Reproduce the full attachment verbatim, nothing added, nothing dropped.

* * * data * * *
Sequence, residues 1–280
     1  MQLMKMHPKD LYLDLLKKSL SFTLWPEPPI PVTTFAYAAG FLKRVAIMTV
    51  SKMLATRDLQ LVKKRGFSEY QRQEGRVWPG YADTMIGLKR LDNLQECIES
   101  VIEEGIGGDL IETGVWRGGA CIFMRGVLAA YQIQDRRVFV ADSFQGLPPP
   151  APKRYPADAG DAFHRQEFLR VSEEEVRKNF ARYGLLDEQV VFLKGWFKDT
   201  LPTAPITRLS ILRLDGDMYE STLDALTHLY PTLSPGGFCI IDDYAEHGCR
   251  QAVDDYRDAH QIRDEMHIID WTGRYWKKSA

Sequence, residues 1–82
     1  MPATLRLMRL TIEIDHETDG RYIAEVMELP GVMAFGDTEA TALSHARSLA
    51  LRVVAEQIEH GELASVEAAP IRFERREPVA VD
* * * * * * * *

Sequence, residues 1–280
     1  MQLMKMHPKD LYLDLLKKSL SFTLWPEPPI PVTTFAYAAG FLKRVAIMTV
    51  SKMLATRDLQ LVKKRGFSEY QRQEGRVWPG YADTMIGLKR LDNLQECIES
   101  VIEEGIGGDL IETGVWRGGA CIFMRGVLAA YQIQDRRVFV ADSFQGLPPP
   151  APKRYPADAG DAFHRQEFLR VSEEEVRKNF ARYGLLDEQV VFLKGWFKDT
   201  LPTAPITRLS ILRLDGDMYE STLDALTHLY PTLSPGGFCI IDDYAEHGCR
   251  QAVDDYRDAH QIRDEMHIID WTGRYWKKSA

Sequence, residues 1–82
     1  MPATLRLMRL TIEIDHETDG RYIAEVMELP GVMAFGDTEA TALSHARSLA
    51  LRVVAEQIEH GELASVEAAP IRFERREPVA VD